The Maginot Line that France built to keep Germany out for WW2 is kind of a modern-day wall. It failed for several reasons, but mostly for failing to understand the technology of the day and the speed of movement that Germany had. In D&D terms, most invasions would be the same or modified a bit. If the biggest threat is giants, then the walls are taller and wider than a wall to protect from another human(oid) kingdom. The neighboring kingdom may have something else that needs to be accounted for. The Icewall in GOThrones was doing fine until the terms changed with the dragon showing up.

The Phandalin in my games is currently building a wall around it. The problem is money and labor with the town being more a frontier town and people showing up to get rich and not to settle down. The wall is being built be mostly day-labor and broke miners. There is a few people knowing what to do and some increase in security around the town, but the wall is slow compared to other problems. Like a small town meeting and the debate over new roads or a new policeman, fireman, teacher, etc.. The roads tend to be put off for another year.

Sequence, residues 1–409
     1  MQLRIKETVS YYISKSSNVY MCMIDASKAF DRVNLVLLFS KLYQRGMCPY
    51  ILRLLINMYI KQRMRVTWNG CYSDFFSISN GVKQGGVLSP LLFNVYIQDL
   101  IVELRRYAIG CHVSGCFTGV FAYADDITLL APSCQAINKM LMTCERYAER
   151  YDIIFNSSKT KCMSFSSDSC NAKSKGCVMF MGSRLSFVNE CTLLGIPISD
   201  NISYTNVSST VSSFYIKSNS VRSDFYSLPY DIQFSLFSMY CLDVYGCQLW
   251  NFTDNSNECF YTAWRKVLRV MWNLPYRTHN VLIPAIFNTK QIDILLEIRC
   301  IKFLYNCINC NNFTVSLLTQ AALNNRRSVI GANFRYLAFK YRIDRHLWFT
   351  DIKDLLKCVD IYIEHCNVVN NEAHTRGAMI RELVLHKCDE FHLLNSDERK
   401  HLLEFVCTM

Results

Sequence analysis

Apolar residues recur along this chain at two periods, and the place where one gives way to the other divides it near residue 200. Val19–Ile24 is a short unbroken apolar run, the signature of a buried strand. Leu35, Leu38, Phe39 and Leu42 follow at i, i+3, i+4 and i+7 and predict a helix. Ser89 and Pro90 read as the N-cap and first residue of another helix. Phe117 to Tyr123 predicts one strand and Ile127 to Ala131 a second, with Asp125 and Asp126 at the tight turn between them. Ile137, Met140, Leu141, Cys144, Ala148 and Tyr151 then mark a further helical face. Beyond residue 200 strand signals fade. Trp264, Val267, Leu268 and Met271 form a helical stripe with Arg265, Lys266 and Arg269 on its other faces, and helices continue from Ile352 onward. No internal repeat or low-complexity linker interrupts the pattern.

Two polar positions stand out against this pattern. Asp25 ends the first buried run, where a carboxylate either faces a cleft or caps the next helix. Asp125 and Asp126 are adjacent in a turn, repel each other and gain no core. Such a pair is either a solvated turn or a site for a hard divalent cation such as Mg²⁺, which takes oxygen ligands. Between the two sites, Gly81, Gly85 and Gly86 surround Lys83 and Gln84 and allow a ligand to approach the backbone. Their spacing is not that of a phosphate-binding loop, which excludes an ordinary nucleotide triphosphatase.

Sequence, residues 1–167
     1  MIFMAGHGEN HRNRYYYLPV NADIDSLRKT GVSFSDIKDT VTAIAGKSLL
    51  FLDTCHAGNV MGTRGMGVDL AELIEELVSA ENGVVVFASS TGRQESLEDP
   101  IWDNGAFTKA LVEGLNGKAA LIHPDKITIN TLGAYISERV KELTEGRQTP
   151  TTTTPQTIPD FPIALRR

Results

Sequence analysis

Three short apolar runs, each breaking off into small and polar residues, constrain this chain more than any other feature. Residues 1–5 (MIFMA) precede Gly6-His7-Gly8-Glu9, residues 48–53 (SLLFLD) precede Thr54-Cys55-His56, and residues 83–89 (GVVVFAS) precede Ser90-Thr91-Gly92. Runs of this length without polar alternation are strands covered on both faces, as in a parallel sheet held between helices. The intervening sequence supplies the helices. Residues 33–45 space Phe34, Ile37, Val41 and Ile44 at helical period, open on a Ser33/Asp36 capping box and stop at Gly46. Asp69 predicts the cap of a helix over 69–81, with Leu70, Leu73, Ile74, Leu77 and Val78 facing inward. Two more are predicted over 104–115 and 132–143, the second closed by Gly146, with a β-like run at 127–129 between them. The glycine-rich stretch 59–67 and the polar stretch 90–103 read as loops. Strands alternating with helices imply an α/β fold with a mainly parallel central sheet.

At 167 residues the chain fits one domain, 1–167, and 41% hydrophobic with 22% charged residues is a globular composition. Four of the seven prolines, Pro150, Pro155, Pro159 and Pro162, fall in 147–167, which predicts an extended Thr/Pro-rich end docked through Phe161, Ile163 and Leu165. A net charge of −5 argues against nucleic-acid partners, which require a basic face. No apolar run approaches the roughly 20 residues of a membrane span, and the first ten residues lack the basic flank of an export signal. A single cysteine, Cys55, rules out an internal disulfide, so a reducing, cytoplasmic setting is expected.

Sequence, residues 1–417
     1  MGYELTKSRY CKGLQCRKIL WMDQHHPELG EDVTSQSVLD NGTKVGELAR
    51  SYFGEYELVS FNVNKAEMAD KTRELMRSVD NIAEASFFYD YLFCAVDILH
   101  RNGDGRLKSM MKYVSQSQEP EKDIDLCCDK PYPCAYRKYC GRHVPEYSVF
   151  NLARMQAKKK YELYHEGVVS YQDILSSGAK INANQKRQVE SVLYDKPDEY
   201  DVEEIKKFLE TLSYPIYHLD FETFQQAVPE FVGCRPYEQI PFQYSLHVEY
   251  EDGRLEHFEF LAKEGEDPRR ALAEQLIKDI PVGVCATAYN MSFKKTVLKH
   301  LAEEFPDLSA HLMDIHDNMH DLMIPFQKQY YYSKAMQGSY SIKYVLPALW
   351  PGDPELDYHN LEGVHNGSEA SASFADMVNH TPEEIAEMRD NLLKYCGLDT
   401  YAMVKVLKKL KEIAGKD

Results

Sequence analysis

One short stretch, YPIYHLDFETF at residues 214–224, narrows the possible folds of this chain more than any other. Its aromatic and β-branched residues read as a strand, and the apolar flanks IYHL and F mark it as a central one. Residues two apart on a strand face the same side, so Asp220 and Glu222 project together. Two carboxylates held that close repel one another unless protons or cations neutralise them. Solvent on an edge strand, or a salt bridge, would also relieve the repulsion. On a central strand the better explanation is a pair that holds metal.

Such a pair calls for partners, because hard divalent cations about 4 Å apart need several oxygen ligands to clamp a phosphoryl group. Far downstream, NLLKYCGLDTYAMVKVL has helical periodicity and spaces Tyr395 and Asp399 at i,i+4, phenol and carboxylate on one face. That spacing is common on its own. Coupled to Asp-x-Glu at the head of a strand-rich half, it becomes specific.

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Oofta

Legend
Walls are great against orcs, and other monsters that don't fly.

Walls suck against spell casters and flying creatures like dragons.

I see no reason why you would not have you screen door locked just because you don't have a full door. I can't imagine why you would not lock your full door just because you dodn't have a heavy security door. I can't imagine why you wouldn't lock a reg door or security door just becuse you don't have an alarm... I can't imagine you wouldn't shut and lock your window even though they can be broken.

You take the level of security you can get.